Critical Discussion On Health Care

Changes have been constant with the new adjustments in health care insurance coverage.

According to a group of health care professionals speaking at the James Prendergast Library on Tuesday, those changes will continue.

About 15 people attended the library-sponsored critical discussion panel on the upcoming health exchange insurance system. Those participating in the program included Roberta Keller, Chautauqua Opportunities executive director; Dr. Rudy Mueller; Greg Krauza, Chautauqua Chamber of Commerce member development director; Betsy Wright, WCA Hospital president and chief executive officer; Art Wingerter, Univera Healthcare president; and Ann Abdella, Chautauqua County Health Network executive director.

Abdella said the new system will start next year, with all Americans expected to be enrolled in a health care insurance plan. on Oct. 1, open enrollment starts with coverage beginning Jan. 1, 2014. There will be two programs in the health exchange insurance system – one for individuals and one for small businesses. She said people should be able to shop for insurance coverage on the Internet, which will be similar to shopping on popular online sale sites.

“You will be able to compare apples to apples,” she said. “There will be side-by-side comparisons.”

Those who don’t enroll in a health insurance plan will be penalized. Abdella said those penalties will increase year-by-year. She said in 2014 the penalty will be $95 for an adult, $37.50 for a child and $285 for a family or 1 percent of its income. In 2015, the penalty will be $325 for an adult, $162.50 for a child and $975 for a family or 2 percent of its income.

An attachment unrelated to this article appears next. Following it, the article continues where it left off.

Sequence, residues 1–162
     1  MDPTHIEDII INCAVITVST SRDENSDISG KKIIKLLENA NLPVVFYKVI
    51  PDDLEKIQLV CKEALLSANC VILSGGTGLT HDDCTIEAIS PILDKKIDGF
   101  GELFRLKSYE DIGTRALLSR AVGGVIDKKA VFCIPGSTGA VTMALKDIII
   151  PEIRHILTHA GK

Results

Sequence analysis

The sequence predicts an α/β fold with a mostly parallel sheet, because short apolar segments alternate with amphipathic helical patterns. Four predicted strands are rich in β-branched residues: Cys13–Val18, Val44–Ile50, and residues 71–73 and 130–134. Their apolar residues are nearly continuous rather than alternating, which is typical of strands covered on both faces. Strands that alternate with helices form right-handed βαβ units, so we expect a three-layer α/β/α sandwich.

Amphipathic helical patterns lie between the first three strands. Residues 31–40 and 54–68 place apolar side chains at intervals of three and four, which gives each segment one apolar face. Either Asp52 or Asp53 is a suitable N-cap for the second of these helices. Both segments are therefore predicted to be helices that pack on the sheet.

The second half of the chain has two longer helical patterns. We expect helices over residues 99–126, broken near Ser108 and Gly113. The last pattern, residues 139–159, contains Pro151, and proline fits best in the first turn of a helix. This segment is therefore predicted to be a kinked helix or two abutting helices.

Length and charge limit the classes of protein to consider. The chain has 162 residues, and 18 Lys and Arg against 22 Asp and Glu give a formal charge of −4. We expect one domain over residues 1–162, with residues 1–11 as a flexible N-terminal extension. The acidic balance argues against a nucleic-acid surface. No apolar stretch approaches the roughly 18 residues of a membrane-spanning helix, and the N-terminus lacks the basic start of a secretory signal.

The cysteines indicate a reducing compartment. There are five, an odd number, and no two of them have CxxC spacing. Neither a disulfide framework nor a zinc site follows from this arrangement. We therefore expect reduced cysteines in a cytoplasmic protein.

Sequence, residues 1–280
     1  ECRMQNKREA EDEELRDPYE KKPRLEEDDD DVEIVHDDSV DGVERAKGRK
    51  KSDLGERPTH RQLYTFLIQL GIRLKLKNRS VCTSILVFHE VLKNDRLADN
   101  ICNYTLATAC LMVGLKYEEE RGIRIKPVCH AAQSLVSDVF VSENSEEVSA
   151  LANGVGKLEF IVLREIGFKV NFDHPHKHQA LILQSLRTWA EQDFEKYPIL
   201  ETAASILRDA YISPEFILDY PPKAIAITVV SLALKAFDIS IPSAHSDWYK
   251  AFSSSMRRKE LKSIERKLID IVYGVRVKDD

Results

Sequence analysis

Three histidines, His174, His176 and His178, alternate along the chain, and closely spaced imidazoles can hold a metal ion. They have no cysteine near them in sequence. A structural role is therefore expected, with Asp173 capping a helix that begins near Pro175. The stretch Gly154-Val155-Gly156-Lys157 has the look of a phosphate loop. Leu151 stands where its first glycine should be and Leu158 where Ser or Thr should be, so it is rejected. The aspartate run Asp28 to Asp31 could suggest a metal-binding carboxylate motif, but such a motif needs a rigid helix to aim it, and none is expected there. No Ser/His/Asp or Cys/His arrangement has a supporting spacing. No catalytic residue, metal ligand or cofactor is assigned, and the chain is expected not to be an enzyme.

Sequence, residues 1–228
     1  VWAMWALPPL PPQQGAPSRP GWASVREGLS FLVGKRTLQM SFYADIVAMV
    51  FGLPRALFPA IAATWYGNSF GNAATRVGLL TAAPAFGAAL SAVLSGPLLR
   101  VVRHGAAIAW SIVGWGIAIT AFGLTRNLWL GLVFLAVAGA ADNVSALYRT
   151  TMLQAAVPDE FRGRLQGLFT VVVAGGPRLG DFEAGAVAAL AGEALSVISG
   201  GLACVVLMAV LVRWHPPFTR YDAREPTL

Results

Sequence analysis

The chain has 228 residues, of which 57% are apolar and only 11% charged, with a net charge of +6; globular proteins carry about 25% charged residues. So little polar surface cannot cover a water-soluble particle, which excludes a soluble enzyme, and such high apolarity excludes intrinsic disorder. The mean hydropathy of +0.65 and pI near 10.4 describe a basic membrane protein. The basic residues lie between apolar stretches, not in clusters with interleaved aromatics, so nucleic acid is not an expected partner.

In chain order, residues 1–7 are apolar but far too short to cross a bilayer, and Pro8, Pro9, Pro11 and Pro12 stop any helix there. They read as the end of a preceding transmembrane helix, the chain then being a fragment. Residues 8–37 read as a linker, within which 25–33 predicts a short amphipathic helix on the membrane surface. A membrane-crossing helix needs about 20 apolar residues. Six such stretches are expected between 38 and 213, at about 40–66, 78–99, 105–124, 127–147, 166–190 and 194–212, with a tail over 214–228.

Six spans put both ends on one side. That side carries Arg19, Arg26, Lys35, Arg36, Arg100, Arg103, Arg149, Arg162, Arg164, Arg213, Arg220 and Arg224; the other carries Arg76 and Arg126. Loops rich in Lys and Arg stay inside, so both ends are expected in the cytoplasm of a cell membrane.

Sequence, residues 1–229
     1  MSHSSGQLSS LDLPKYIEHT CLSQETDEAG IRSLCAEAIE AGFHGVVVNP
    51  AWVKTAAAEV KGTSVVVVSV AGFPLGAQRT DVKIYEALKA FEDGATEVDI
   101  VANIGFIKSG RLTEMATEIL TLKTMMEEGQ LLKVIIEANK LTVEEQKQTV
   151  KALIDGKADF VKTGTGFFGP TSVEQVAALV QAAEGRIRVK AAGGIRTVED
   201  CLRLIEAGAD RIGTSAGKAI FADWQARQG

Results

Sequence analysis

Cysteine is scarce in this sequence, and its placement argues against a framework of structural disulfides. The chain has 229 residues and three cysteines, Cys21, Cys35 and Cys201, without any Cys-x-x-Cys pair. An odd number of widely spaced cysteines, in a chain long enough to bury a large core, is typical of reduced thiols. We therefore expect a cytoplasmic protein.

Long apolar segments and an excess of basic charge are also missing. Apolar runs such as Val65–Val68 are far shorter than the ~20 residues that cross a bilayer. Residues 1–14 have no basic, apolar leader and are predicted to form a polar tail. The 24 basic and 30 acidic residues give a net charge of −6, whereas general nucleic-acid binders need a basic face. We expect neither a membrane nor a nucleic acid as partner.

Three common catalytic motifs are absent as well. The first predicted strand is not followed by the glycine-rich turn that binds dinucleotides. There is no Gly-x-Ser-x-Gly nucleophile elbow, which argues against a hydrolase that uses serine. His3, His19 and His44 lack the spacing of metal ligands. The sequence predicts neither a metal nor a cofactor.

Wingerter said it is difficult to determine how many people will enroll into the health exchange insurance system, at first. He said young and health individuals may select to pay the penalty instead of paying more for an insurance plan.

“We don’t know for sure,” he said about how many people will enroll in the system.

Krauza said for those with questions on the health insurance exchange, the county’s chamber is a good place to start asking questions. For the past two years, the chamber has been offering a similar insurance exchange system for local businesses. He said business leaders can request chamber officials to visit for more information before making a decision. He said in speaking to business officials the past two years, many are confused by their options because there are so many available.

“Too much choice equals no choice,” he said.

Krauza said it is estimated 450,000 small business employees will join the exchange.

Mueller said the new health care coverage will hopefully lead to more people visiting physicians, which will lower visits to more expensive health care options like the emergency room. He said it will also help the underinsured receive the coverage they need, as well.

“There are 2.7 million people with no health insurance in the state,” he said. “There are probably 2 million underinsured.”

Keller said with more people with health insurance coverage, more children will receive proper medical examinations.

“Many children will be allowed the access they need,” she said so they can be diagnosed for childhood diseases and be treated at an earlier age.

Wright talked about the changes at WCA Hospital with the new the health insurance coverage plan through the Affordable Care Act. One change is a $16.4 billion cut in the health care industry. For WCA Hospital, that means $44.5 million has to be cut in the next 10 years.

Despite this obstacle, Wright said the hospital will continue to keep and attract new physicians and medical professionals.

“We believe the hospital is well positioned for the future,” she said.

For more information on the health exchange insurance system, visit www.healthcare.gov. The next critical discussion at the library will be on hydrofracking on March 21.